Author Wai-Yin Wan and Don Weatherburn
Published September 2016
Report Type Crime and Justice Bulletin No. 198
Subject Assault; Recidivism / Re-offending; Statistical methods and modelling
Keywords Violence, longitudinal study, survival, cure model, re-offending, loglogistic



To determine:

(1) the long-term risk that someone charged with a violent offence will commit another violent offence
(2) what factors influence the likelihood of desistance and the length of time to the next violent offence for those who do re-offend.


All 26,472 offenders who were born between 1986 and 1990 (inclusive) and who had at least one violent offence proved against them in New South Wales (NSW) before December 31st, 2014 were followed up to December 31st, 2015. An offence was counted as proved if at the index contact it resulted in a caution, a youth justice conference or proven court appearance. The mean follow-up time for offenders in the study was 6.35 years (range = 21.3 years; interquartile range = 4.7 years). Bivariate correlates of time to re-offend were identified using log-rank tests. Multivariate analysis of survival time was undertaken using a cure fraction model with a loglogistic distribution of survival time.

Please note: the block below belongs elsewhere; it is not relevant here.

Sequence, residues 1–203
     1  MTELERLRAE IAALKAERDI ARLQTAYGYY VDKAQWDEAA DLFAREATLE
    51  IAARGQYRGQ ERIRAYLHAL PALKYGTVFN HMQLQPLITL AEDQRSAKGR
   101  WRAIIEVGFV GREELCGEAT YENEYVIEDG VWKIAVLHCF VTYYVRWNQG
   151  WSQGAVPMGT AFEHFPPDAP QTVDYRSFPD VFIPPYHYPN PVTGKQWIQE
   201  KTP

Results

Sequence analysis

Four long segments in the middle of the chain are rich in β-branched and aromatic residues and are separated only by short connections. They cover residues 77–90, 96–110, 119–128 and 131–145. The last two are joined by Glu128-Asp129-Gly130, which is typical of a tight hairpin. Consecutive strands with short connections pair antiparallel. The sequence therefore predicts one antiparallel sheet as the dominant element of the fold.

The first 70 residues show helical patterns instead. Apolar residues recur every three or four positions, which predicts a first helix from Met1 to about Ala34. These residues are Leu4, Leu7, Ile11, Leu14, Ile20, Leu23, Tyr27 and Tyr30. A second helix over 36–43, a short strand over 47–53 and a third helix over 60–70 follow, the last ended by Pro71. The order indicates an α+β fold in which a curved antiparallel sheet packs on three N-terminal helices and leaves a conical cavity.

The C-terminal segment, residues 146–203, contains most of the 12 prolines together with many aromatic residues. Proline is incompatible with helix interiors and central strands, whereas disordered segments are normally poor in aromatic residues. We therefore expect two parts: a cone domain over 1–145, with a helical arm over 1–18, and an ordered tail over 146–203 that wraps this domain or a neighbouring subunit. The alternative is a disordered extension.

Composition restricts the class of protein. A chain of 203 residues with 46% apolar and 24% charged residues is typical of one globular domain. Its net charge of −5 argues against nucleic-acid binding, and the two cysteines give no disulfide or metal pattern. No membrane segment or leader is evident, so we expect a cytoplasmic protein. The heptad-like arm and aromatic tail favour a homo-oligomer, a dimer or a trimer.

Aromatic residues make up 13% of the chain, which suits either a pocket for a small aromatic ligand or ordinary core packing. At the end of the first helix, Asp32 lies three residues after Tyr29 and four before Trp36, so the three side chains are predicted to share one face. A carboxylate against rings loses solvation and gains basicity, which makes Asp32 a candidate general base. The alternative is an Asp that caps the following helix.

In the median case, after 20 years, an estimated 23 per cent of violent offenders committed a further violent offence. However the risk of violent re-offending varies greatly across different offender groups, being much higher for Indigenous offenders, those who were aged 17 and under at the time of their index contact and those whose first contact with the criminal justice system occurred when they were 12 years of age or younger. There is little evidence of specialisation among violent offenders in the sample. Most have committed a wide variety of different offences prior to their conviction for a violent offence and those who do re-offend commit a wide variety of offences.


Authorities charged with responsibility for making bail, sentencing and parole decisions in relation to violent offenders need to pay close attention to the characteristics of the violent offenders they are dealing with. Evaluations of violent offender programs should include both short-term and long-term follow up. Prison is not a very effective instrument through which to reduce violent offending